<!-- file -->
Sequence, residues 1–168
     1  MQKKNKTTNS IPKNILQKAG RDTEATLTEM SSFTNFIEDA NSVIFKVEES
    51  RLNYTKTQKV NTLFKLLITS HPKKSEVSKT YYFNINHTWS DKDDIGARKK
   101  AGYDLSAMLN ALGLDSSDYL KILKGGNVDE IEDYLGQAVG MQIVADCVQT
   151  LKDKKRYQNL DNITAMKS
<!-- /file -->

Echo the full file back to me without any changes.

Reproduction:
Sequence, residues 1–168
     1  MQKKNKTTNS IPKNILQKAG RDTEATLTEM SSFTNFIEDA NSVIFKVEES
    51  RLNYTKTQKV NTLFKLLITS HPKKSEVSKT YYFNINHTWS DKDDIGARKK
   101  AGYDLSAMLN ALGLDSSDYL KILKGGNVDE IEDYLGQAVG MQIVADCVQT
   151  LKDKKRYQNL DNITAMKS